I’m running a new series of guest posts throughout 2015: Fetish Friday. Don’t get all sweaty in the pants—I’m going back to an older definition of the word, and asking artists to show us something that helps them with the ritual of creation, some part of their surroundings—physical or mental—that eases the path into the creative state, whether it be a location, a piece of music, person, picture, a doohickey, whatnot, curio or ornament without which the creative process would be a whole lot more difficult.
I have plenty of ideas. In fact I have notebooks full of them. Bits of conversation, descriptions of places I’ve visited, titles, names, or incomplete jotted paragraphs. Some will be developed into fully formed stories, other will never see the light of day.
All of them inform my writing.
But an idea is not a story. It needs developing, massaging and cajoling. Sometimes an idea needs a violent collision with another idea. And it often takes time.
Sometimes it happens quickly, sometimes it can take months before a story starts to congeal into existence. As I walk my dogs, mow the lawn, or supervise students in exams, I find these ideas invade my thoughts. And I play with them, work with them, evolve them into stories.
But they’re still not written. And they’re not really stories until they’re words on the screen and saved as a completed file.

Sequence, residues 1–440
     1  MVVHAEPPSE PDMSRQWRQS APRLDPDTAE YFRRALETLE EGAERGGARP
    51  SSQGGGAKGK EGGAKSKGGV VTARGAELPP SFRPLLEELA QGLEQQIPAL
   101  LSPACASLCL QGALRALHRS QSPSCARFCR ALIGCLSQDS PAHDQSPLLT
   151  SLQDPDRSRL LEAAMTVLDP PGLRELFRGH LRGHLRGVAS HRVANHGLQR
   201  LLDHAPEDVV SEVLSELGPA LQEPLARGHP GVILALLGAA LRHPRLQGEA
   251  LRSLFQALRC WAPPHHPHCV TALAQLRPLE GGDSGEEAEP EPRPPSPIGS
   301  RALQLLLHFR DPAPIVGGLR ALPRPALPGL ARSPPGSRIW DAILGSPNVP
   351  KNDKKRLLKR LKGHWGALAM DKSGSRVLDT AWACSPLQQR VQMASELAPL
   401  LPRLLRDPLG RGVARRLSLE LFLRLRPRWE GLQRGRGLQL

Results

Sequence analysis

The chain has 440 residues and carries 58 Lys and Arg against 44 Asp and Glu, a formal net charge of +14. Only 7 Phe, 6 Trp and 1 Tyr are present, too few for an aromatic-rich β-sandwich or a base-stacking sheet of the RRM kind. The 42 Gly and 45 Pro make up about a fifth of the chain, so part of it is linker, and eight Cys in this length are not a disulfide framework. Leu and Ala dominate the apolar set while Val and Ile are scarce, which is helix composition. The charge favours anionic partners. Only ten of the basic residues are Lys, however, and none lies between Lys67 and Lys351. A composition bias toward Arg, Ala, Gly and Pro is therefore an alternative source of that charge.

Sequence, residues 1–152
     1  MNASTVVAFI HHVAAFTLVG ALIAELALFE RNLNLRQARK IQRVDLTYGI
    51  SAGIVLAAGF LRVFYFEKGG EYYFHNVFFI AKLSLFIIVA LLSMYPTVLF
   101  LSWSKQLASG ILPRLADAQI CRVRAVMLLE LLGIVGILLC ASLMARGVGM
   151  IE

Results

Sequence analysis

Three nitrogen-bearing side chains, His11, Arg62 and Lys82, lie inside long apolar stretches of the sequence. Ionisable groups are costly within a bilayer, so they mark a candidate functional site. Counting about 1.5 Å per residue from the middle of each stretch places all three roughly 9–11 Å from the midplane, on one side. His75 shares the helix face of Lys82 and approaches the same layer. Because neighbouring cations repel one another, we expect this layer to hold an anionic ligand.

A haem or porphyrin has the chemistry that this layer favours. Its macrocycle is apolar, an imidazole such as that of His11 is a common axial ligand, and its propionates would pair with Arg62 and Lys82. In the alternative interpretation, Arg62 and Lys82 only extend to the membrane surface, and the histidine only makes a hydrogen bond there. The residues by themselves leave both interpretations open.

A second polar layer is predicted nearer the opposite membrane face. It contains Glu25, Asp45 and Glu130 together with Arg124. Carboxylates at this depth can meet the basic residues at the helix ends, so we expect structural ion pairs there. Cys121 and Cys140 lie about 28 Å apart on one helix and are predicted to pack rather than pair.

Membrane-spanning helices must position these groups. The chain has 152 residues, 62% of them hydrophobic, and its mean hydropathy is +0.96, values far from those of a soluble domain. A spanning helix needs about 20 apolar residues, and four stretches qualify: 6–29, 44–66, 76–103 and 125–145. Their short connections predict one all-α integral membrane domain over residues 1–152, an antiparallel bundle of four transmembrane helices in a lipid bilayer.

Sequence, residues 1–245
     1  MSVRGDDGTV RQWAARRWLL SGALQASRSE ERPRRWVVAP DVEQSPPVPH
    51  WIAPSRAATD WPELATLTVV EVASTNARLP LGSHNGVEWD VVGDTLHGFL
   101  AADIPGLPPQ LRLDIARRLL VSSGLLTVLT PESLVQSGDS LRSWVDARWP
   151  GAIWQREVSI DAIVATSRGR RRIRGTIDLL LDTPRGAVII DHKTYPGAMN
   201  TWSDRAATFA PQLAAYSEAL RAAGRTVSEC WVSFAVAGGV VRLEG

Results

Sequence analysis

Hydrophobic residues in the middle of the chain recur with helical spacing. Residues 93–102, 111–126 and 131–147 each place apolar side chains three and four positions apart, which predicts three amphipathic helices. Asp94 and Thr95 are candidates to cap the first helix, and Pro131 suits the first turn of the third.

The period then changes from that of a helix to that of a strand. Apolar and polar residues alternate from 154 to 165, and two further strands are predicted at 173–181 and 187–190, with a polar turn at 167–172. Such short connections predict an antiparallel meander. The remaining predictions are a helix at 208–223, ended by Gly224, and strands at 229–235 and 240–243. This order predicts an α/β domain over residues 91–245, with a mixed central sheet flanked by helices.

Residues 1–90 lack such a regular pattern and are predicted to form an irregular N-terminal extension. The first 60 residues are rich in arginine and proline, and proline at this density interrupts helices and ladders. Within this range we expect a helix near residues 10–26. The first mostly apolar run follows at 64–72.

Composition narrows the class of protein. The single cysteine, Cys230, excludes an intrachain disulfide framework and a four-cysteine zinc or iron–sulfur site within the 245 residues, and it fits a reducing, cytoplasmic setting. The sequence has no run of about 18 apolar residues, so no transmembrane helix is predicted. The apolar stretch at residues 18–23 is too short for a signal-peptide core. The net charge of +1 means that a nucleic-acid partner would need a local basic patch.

2014 was a year of change for me. As a writer, I was nowhere near as productive as I would have liked. It frustrated me. I tried different approaches to increase my writing output, but life tended to get in the way. And excuses. Lots of excuses. So I sat down and made a list of all the reasons I wasn’t writing enough, and created a plan.
A ritual, if you like. Or, as Lee puts it, a fetish.
I bought an old computer, dedicated solely to writing. It has no internet access, no games, no other software. I created a comfortable writing space away from the main part of the house. There are no distracting sounds, no TVs, no fridges calling me. I made a spreadsheet to keep track of daily word counts, as well as monthly and yearly totals and averages.
And I write every day.
Tired? Busy? Got home late? Don’t feel like it? Doesn’t matter. I write, and I write every day. Some good words, some average. But words. Every single day. Six months and counting, now. Not one blank cell on my spreadsheet.
Regular, accountable writing in a dedicated, comfortable space. No excuses.
I’m Steve. I’m a writer. And this is my fetish.
Steve Cameron is a Scottish/Australian writer who currently resides in the eastern suburbs of Melbourne, Australia. When not writing, he teaches English at a local secondary college. Steve maintains a website at www.stevecameron.com.au
Are you a creative artist? Fancy joining in and letting us know about that special item, object, location or cosmic state of being at the heart of your creative process? There’s always room for another lunatic in the asylum: email me and make your most excited Horshack noise.